Article 5 Article 6 Article 7 Article 8 Article 9 Article 10 Article 11 Article 12 Article 13 Article 14 Article 15 Article 16 Article 17 Article 18 Article 19 Article 20 Article 21 Article 22 Article 23 Article 24 Article 25 Article 26 Article 27 Article 28 Article 29 Article 30 Equality and non-discrimination Women with disabilities Children with disabilities Awareness-raising Accessibility Right to life Situations of risk and humanitarian emergencies Equal recognition before the law Access to justice Liberty and security of person Freedom from torture or cruel, inhuman or degrading treatment or punishment Freedom from exploitation, violence and abuse Protecting the integrity of the person Liberty of movement and nationality Living independently and being included in the community Personal mobility Freedom of expression and opinion, and access to information Respect for privacy Respect for home and the family Education Health Habilitation and rehabilitation Work and employment Adequate standard of living and social protection Participation in political and public life Participation in cultural life, recreation, leisure and sport 15

UN Convention on the Rights of People with Disabilities

Equality and non-discrimination


Article 5 says: Everyone is equal before the law. Governments should outlaw all forms of discrimination on the basis of disability and ensure effective protection against disability discrimination. Governments should ensure that reasonable accommodation is made for disabled people. Specic measures are often needed to create equality for disabled people in practice and are permitted under the Convention.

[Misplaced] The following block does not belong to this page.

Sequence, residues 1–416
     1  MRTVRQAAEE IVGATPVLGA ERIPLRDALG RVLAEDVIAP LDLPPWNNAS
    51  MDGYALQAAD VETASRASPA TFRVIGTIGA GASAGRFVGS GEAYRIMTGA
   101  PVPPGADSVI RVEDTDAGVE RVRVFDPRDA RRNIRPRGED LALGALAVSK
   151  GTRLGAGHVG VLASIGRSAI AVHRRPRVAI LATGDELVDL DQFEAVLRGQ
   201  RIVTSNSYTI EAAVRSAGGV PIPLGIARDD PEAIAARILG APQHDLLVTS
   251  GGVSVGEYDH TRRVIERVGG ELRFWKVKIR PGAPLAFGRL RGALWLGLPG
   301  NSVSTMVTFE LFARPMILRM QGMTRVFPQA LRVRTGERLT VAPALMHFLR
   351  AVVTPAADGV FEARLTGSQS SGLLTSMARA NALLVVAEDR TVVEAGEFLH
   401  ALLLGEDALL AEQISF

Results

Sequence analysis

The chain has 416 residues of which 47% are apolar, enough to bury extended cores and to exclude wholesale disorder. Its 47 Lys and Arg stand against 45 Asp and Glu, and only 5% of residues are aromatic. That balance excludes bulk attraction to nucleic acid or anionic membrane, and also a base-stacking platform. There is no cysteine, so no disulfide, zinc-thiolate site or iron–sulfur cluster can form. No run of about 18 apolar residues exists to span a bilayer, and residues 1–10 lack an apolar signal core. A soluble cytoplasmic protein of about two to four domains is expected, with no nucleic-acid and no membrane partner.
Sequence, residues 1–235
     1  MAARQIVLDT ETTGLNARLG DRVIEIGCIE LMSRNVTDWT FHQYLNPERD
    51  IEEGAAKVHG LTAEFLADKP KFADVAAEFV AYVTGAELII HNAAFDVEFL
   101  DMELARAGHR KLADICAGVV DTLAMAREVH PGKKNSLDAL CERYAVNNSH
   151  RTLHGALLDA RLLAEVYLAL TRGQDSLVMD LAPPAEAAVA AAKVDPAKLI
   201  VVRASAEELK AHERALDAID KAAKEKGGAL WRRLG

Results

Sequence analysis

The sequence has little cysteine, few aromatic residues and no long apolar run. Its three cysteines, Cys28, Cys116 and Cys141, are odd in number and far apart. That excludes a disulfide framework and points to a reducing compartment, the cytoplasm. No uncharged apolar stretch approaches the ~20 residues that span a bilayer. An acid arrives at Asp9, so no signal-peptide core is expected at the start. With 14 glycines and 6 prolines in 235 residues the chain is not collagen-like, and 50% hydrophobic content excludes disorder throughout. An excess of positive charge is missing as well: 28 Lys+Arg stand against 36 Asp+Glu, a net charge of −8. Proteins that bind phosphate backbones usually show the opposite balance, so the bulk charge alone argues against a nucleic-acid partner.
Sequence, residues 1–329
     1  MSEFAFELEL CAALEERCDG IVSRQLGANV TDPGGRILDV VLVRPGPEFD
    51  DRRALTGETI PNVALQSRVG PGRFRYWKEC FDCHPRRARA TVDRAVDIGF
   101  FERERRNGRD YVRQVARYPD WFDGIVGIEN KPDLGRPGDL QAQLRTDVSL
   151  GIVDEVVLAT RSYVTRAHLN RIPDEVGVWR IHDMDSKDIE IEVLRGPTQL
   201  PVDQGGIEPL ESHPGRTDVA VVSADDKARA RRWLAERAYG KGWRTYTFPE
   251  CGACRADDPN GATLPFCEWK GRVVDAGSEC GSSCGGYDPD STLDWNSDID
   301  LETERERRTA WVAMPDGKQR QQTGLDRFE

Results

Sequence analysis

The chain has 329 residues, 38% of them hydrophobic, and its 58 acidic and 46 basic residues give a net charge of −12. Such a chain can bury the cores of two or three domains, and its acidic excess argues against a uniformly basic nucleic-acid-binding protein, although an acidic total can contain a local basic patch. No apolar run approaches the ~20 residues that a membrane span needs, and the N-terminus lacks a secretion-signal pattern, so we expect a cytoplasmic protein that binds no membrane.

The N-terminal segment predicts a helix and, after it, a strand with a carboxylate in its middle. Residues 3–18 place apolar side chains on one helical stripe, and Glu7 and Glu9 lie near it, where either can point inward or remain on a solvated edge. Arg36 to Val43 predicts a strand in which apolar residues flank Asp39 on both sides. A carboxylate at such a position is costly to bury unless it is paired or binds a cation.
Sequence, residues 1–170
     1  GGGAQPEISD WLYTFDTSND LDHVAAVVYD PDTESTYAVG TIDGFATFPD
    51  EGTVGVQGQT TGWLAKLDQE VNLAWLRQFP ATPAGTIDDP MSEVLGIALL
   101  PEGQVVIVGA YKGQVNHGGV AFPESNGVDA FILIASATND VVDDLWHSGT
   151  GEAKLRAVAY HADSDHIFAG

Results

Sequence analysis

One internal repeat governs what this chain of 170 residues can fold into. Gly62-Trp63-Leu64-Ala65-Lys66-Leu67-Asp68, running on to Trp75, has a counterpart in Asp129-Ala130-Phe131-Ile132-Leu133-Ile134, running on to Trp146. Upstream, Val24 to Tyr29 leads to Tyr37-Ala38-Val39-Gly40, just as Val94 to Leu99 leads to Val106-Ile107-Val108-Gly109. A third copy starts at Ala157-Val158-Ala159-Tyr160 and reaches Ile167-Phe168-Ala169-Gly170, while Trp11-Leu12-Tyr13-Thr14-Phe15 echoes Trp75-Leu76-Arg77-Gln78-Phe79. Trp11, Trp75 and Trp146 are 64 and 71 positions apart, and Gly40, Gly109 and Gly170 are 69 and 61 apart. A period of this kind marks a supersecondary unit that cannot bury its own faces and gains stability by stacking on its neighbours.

stricter denition of who is a disabled person, whilst the Convention might also protect people, for example, with a one-off but severe mental health condition lasting less than 12 months. Often you can use this right together with other rights in the Convention as in the example below concerning Article 30 which sets out the right to take part in leisure.

Example: Equality and participation in leisure


A local authority decides to close a car park which gives easy access to a beach, resulting in visitors having to park further away, and to use an alternative route which is steep. This means that people with mobility impairments and their family/friends cannot go to that beach anymore. This is a regressive step and also it puts disabled people at a disadvantage in comparison with other people. Disabled people could highlight Articles 5 and 30 in their discussions with, or a case against, the local authority in such a situation.

What does this mean?